The New Yorker
Originally posted January 24, 2019
Here is an excerpt:
The U.S. government has clear guidelines for autonomous weapons—they can’t be programmed to make “kill decisions” on their own—but no formal opinion on the ethics of driverless cars. Germany is the only country that has devised such a framework; in 2017, a German government commission—headed by Udo Di Fabio, a former judge on the country’s highest constitutional court—released a report that suggested a number of guidelines for driverless vehicles. Among the report’s twenty propositions, one stands out: “In the event of unavoidable accident situations, any distinction based on personal features (age, gender, physical or mental constitution) is strictly prohibited.” When I sent Di Fabio the Moral Machine data, he was unsurprised by the respondent’s prejudices. Philosophers and lawyers, he noted, often have very different understandings of ethical dilemmas than ordinary people do. This difference may irritate the specialists, he said, but “it should always make them think.” Still, Di Fabio believes that we shouldn’t capitulate to human biases when it comes to life-and-death decisions. “In Germany, people are very sensitive to such discussions,” he told me, by e-mail. “This has to do with a dark past that has divided people up and sorted them out.”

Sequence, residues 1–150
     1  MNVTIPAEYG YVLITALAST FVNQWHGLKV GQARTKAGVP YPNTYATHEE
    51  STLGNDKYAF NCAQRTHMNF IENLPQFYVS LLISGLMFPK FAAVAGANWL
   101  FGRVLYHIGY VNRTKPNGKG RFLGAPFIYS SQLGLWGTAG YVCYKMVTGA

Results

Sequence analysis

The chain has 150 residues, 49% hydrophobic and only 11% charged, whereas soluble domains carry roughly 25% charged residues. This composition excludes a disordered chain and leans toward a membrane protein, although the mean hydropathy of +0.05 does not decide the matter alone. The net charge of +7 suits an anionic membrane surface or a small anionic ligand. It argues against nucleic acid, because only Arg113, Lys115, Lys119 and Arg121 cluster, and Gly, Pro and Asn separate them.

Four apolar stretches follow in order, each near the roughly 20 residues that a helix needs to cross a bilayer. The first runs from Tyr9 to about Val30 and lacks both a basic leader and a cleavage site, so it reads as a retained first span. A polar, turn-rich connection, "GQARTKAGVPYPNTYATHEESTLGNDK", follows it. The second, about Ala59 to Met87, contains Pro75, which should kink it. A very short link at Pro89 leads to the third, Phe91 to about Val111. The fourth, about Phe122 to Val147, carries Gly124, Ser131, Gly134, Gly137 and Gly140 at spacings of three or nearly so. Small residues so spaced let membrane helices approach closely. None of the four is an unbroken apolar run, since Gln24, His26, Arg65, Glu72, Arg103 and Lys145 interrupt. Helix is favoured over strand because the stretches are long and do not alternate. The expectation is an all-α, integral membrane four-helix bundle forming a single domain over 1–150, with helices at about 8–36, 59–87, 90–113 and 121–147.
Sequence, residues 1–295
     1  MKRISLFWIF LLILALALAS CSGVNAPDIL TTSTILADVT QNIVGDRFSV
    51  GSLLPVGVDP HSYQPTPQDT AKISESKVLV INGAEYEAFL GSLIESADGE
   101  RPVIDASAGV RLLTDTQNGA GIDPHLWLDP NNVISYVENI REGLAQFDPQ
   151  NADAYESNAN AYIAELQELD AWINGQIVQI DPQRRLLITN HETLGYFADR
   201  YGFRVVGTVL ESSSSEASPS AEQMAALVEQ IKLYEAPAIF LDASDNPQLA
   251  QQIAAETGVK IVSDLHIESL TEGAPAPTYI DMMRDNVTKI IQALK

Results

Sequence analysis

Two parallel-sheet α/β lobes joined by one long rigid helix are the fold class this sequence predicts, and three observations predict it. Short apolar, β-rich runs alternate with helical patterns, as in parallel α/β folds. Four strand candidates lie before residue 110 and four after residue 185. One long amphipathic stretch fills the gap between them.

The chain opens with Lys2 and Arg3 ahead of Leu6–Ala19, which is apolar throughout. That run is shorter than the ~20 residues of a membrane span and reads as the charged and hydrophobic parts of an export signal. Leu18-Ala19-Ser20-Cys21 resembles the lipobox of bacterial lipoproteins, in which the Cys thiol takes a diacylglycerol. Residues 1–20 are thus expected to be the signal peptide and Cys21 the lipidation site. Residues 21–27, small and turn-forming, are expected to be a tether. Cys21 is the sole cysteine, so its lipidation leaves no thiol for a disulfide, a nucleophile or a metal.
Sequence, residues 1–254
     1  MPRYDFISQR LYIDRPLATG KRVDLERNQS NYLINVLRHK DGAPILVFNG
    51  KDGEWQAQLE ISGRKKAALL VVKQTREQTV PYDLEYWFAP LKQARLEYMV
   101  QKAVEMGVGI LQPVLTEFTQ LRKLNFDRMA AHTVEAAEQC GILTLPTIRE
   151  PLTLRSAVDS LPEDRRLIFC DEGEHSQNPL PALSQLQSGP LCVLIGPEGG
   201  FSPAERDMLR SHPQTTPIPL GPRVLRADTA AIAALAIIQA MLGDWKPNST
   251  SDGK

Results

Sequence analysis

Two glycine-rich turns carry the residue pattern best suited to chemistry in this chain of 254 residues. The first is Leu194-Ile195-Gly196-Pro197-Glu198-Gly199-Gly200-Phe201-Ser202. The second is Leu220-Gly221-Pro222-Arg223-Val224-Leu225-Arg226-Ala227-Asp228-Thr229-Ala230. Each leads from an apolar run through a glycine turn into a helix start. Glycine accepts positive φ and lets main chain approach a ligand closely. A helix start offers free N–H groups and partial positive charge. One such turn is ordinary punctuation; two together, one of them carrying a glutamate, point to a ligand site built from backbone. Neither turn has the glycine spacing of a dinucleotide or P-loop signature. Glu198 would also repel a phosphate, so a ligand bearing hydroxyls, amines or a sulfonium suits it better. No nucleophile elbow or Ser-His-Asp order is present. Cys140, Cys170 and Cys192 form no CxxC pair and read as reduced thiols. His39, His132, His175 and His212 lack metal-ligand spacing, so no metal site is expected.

The info is here.